New Book Examines Life Inside Section 8

By Abené Clayton

Tyjohn “TJ” Sykes is a Richmond native, poet and “youth justice assistant” at the RYSE Center. His first book, Section 8, is based on a poem of the same name that he wrote about his experiences living in “The Manor,” also known as the Monterey Pines apartment complex in Richmond. The book illustrator is Webster Quoc Nguyen, a visual arts assistant at RYSE.

The CC Pulse: What impact has living is Section 8/low-income housing had on your development as a person and an artist?

Tyjohn Sykes: As a person, I think it really made me who I am. It shaped how I look at the world, from buying groceries, looking at foods that we don’t have access to in the area. Just looking at the stores that were close to us, who accepted food stamps at the time, there are a lot more people who accept food stamps now than they did back in the day. I can remember a time where for a month straight we ate Top Ramen and Cup O’ Noodle, which is hella bad for your body.

Living in Section 8 apartments that were gated, my mindset was gated for a long time until I moved out of the apartments into a house not far from it. Prior to moving, I thought that the world revolved around these gates or everybody outside of the gates was an enemy. When I moved into a house, I understood that even on that side of town, there were people who are trying to survive, trying to make ends meet.

I want more people to know that even if you grow up in a neighborhood with low-income housing — there’s more liquor stores than groceries stores — you can express yourself through your art. Hopefully, this book inspires people to do that. I don’t want people to look at me like I’m the chosen one, I’m the one that “made it.” I want more people to have a different outlook than the one they’re given.

RP: Who is you intended audience for this book? What do you want them to get from it?

TS: Mainly, people who come from my community. More broadly, communities that can relate: projects in New York and Philadelphia to slums in Jamaica and Africa. If it can get it all the way out there, it would be dope.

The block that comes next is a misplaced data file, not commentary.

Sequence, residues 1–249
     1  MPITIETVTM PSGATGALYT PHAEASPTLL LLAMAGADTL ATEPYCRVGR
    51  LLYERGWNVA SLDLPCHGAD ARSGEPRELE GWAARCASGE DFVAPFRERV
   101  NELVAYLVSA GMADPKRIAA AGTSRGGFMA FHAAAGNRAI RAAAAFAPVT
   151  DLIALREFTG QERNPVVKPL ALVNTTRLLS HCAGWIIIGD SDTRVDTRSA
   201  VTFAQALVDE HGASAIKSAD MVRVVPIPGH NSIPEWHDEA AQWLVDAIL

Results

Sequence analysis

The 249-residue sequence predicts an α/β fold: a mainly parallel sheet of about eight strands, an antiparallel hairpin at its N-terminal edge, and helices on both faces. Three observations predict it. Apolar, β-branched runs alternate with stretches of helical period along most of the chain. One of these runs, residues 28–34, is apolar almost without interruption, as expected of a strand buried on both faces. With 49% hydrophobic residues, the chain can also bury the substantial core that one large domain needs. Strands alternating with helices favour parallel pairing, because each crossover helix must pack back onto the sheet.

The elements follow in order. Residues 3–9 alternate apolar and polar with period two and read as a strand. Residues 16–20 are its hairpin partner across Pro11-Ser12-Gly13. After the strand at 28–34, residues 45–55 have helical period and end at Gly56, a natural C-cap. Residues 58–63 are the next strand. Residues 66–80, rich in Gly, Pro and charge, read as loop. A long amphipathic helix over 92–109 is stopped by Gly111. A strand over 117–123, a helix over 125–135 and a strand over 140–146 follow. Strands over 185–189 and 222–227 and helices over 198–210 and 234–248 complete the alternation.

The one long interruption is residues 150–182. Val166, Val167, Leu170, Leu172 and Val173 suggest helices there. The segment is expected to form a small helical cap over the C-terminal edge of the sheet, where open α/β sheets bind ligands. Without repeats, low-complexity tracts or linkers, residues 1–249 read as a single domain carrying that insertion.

There’s not really an age range. The book is complex in a good way. It’s simple enough for an eight-year-old to read. There’s also adults who need to hear this. It’s an easy read, but it gets deep quick.

People who don’t own their homes. There’s a lot that you go through on Section 8, like housing inspections. You’re constantly moving things around to [meet] these people’s standards. You’re cleaning the house so much it’s like you want it look like no one even lives here. That’s a messed message.

I want them to get hope. I want to inspire people to tell their stories. This is a healing process for me to be able to look at this [book] and be able to publish it, and it’s here. I [wanted] to put that inspiration to action.

RP: The title, Section 8, evokes a certain image. What are your thoughts around the negative stereotypes of people who live in low-income housing (i.e. the welfare queen, drug dealers who want to live off of the government)?

Tyjohn Sykes:  I think that some people are content with being on Section 8. That wouldn’t be a stereotype if you said, “some black people like being on Section 8.” Some people pass it down to their children. They make sure everybody in their household gets on Section 8 when they move out. Some of that is partially true because they don’t know that [Section 8] was created for us to get addicted to, just like crack cocaine and gun violence.

Some people are trying their best to get out of the Section 8 mentality and it seems to be hopeless — that they can’t get out.

[Seeing thee stereotypes acted out], it helps me grind even harder to show people that there’s something better for us. Section 8 is kinda like something that you settle for. It could be used as a tool, if you use it the right way. But if you get stuck on it, then it’s something you settle for and you see it passed down through generations. I mention in the book our grandmothers watch generations of us go through Section 8.

I have an auntie who’s lived in The Manor for 20 years. You don’t get no reward for being on Section 8 for 20 to 30 years. You don’t get any recognition, so it’s not doing you any good.

Tyjohn Sykes’ book release celebration is planned for 6 to 8 p.m., Saturday, Feb. 16 at Bridge Storage and ArtSpace, 23 Maine Ave., Richmond.

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